The same way a seller and buyer might come to the table to exchange goods for cash, transactional leaders trade incentives — like bonuses, gift cards, and recognition — for performance. And by all appearances, this may seem smart. After all, it’s a fair trade for employees to go above and beyond. However, when sales leaders operate under a transactional paradigm, they can actually demotivate employees to push themselves, as it’s difficult to offer a valuable reward every time reps do something laudable.
Does it Work? To a certain extent. But extrinsic motivators aren’t enough to consistently motivate sales reps, so this shouldn’t be your sole or primary leadership style.
8 Top Skills that Effective Sales Leaders Have
Becoming a sales leader is one thing. But if you want to be effective, there are certain characteristics and techniques you need to master. Let’s look at just eight of the most important ones to have in your arsenal.
Being able to communicate clearly is valuable for many reasons. For one, it allows you to share the company vision and goals with your sales representatives. And two, it plays a key role in your interactions and relationships with stakeholders, including senior executives like the Sales VP and Chief Revenue Officer (CRO), and upper management in other departments, like marketing and customer success managers.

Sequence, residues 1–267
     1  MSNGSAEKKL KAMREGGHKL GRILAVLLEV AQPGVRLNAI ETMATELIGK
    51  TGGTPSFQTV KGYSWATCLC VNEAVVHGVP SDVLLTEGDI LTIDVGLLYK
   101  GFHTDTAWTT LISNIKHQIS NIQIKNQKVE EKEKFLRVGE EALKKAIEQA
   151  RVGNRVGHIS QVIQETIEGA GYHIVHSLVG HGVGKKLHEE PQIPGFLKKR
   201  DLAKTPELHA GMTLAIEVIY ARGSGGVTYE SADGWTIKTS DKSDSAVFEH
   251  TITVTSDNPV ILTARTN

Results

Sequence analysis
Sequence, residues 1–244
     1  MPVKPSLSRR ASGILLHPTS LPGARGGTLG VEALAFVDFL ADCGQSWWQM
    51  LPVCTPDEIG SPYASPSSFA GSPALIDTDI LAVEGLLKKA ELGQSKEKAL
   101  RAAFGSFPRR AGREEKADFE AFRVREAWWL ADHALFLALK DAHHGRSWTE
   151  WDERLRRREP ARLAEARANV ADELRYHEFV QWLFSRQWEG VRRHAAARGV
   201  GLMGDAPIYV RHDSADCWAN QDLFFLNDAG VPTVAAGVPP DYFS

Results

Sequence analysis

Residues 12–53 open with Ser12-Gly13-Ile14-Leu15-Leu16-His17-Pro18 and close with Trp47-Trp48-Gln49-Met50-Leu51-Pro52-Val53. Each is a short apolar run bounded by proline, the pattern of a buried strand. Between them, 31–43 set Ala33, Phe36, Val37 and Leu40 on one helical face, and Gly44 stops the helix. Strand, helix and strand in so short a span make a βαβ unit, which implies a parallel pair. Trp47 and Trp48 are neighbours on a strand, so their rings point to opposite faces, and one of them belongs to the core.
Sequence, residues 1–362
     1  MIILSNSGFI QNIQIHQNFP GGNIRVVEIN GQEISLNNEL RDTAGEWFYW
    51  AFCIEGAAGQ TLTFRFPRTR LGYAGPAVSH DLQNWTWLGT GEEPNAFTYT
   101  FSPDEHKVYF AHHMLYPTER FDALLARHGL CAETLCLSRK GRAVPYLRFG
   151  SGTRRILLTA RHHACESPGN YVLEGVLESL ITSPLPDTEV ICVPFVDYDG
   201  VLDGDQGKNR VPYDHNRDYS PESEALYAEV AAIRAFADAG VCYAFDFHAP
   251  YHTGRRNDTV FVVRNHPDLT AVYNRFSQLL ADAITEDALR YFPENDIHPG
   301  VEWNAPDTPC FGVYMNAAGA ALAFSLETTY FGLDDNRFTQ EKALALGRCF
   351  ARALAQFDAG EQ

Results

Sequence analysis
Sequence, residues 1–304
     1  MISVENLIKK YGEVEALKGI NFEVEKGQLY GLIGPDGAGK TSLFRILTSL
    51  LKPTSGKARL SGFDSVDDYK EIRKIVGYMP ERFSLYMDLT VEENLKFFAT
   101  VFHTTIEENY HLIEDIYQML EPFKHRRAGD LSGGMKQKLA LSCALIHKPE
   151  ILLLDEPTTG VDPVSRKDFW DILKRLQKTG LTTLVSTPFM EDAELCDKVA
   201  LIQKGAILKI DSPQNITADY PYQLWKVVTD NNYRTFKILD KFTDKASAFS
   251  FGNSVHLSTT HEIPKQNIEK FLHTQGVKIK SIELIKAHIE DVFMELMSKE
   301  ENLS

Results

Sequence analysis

To be considered an effective communicator, you need to be able to:
- Present complex sales data and strategies in simple ways
- Focus on information that’s relevant to your audience
- Find a way to reconcile your sales reps’ perspectives with the executive leadership team’s vision
- Be authentic in your presentation (fake enthusiasm doesn’t have the same effect as the real thing)
It’s hard to motivate your sales reps if they feel like you’re disconnected from their situation. That’s why great sales leaders make it a priority to develop and showcase empathy for their team members. By drawing on their shared experience as sales reps and offering insight into their own journey (both their triumphs and struggles), these leaders become more approachable and trustworthy.
Here’s what it takes to have empathy for your sales reps:
- A high degree of emotional intelligence, so you can perceive and respond to your employees’ emotions, effectively
- Ability to honestly acknowledge and validate your employees’ feelings
- Finesse to bridge the gap between the top-down direction from the executive team and the sales reps’ perspectives